Northern Leopard Frog
Lithobates pipiens

The Northern Leopard Frog varies in color from light green to pale brown. The most prominent identifying feature is its dark round spots, like that of a leopard. However, sometimes this frog will only have spots on its legs, or none at all! It also has pinkish folds running from the back of the eye down the back, and from under the nostril to the shoulder.

This amphibian eats mainly insects such as beetles, flies and worms, but can also be found preying on smaller frogs, birds and snakes. It breeds at the end of April and the females lay up to 7000 eggs! In the wild, these frogs will live for three or four years.

The northern leopard frog is very adaptable and can live in a variety of habitats. It breeds in small ponds, marshes and pools with lots of vegetation and no fish. The mature frogs feed in open meadows and fields usually near water, however they can sometimes be found significant distances away from open water. In the winter, this frog will hibernate in larger bodies of water that do not freeze to the bottom such as flowing creeks, rivers and lakes.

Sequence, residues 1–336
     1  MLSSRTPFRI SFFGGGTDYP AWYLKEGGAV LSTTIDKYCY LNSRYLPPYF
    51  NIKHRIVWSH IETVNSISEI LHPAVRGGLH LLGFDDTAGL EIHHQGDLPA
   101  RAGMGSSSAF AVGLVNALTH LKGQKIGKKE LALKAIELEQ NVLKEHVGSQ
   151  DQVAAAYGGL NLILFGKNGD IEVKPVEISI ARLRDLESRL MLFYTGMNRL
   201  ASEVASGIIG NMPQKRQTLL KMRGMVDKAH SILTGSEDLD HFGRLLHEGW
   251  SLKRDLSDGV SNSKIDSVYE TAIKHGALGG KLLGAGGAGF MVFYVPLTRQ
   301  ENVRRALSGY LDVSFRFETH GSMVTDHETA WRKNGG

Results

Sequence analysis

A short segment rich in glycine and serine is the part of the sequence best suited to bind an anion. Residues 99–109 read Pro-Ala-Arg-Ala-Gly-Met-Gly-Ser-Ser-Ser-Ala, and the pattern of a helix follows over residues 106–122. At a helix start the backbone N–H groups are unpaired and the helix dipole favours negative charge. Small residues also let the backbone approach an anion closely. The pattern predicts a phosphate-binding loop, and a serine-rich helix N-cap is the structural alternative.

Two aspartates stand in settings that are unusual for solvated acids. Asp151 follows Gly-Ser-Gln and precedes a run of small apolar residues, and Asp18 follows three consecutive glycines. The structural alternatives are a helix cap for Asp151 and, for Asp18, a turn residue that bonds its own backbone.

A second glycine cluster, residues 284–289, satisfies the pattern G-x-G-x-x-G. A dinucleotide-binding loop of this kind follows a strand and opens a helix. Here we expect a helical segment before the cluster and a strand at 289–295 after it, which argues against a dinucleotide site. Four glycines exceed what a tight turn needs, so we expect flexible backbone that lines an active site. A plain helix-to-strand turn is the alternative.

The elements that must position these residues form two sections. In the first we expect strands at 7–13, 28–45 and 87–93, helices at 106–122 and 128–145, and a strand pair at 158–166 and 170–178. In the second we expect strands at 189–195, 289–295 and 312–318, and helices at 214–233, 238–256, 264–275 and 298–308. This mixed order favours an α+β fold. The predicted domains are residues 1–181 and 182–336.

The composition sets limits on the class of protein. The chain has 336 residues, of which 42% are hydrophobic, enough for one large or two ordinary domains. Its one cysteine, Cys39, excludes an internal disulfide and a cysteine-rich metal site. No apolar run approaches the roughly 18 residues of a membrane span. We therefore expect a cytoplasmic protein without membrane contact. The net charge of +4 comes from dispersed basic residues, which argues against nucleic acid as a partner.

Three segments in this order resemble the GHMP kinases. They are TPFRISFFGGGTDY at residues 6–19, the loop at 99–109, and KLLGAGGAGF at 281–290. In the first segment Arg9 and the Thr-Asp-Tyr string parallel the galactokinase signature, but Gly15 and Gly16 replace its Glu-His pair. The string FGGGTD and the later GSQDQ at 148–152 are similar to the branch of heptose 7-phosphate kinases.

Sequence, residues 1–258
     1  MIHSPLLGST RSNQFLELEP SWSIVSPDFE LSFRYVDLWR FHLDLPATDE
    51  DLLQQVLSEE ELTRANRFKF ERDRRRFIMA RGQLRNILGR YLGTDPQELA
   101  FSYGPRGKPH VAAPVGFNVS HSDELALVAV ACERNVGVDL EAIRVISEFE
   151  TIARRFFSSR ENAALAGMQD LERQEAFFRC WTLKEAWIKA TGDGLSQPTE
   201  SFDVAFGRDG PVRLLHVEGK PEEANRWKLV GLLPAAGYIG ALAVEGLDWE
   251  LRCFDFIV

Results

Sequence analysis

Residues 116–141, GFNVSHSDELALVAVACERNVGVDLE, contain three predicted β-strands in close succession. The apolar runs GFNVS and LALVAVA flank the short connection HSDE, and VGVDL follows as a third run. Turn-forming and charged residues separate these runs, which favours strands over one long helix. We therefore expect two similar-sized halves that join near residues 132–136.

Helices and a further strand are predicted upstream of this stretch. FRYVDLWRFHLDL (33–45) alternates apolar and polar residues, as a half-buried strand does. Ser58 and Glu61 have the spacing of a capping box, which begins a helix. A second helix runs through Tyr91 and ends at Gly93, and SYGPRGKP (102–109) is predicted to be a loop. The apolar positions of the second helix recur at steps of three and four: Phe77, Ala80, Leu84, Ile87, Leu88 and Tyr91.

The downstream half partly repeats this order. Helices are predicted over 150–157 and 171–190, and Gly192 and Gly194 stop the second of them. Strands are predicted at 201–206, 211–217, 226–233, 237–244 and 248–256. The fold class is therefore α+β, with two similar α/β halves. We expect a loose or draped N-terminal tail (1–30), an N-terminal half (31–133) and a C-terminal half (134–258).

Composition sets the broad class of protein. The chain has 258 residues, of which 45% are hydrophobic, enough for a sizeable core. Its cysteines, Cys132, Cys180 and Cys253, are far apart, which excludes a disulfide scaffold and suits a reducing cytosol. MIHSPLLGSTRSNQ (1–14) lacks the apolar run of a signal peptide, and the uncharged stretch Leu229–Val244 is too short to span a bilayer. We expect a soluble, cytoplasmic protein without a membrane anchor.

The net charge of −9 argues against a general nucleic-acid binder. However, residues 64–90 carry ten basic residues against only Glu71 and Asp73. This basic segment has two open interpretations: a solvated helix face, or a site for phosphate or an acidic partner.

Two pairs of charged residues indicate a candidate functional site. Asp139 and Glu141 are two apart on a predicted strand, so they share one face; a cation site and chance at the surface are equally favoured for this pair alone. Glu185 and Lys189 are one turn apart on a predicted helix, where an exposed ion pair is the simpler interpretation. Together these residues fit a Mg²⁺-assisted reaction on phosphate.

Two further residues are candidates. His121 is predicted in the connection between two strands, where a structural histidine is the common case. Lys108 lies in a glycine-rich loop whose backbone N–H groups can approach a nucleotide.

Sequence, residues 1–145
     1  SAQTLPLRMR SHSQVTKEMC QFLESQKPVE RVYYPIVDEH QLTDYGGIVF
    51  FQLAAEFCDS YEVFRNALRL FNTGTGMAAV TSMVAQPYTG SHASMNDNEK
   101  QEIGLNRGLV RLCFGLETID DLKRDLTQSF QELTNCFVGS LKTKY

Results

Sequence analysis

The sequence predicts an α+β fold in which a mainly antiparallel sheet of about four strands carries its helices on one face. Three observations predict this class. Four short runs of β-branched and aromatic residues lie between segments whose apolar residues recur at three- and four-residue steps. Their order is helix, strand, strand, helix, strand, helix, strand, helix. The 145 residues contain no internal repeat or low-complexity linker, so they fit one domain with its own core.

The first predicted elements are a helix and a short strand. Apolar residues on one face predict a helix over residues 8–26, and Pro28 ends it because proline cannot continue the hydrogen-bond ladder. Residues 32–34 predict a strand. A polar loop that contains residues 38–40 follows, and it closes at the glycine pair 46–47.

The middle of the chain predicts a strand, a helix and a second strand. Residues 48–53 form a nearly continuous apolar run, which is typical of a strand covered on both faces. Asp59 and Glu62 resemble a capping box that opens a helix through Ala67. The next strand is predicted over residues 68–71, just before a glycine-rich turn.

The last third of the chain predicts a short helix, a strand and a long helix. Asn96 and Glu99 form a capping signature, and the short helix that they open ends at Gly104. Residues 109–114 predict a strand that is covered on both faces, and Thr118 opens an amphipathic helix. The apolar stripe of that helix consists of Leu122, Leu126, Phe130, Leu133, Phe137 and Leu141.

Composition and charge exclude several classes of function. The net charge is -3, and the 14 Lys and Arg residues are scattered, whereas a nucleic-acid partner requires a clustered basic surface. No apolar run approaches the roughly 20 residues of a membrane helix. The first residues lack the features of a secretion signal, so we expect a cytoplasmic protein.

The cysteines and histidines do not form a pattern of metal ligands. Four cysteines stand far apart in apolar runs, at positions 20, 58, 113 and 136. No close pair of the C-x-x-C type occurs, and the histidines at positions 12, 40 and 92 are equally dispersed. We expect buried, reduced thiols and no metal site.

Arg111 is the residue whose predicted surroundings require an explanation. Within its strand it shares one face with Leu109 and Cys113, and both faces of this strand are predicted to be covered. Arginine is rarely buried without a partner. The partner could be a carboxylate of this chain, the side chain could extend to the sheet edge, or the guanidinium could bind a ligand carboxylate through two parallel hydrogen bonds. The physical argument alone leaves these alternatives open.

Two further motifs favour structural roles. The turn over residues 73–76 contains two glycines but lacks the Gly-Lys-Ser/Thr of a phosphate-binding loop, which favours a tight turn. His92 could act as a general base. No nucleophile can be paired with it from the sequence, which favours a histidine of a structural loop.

Currently the Species at Risk Act lists these frogs as “special concern”. Leopard Frogs are common in southwestern Saskatchewan. Although they are “locally abundant”, their populations in other parts of Saskatchewan are declining.

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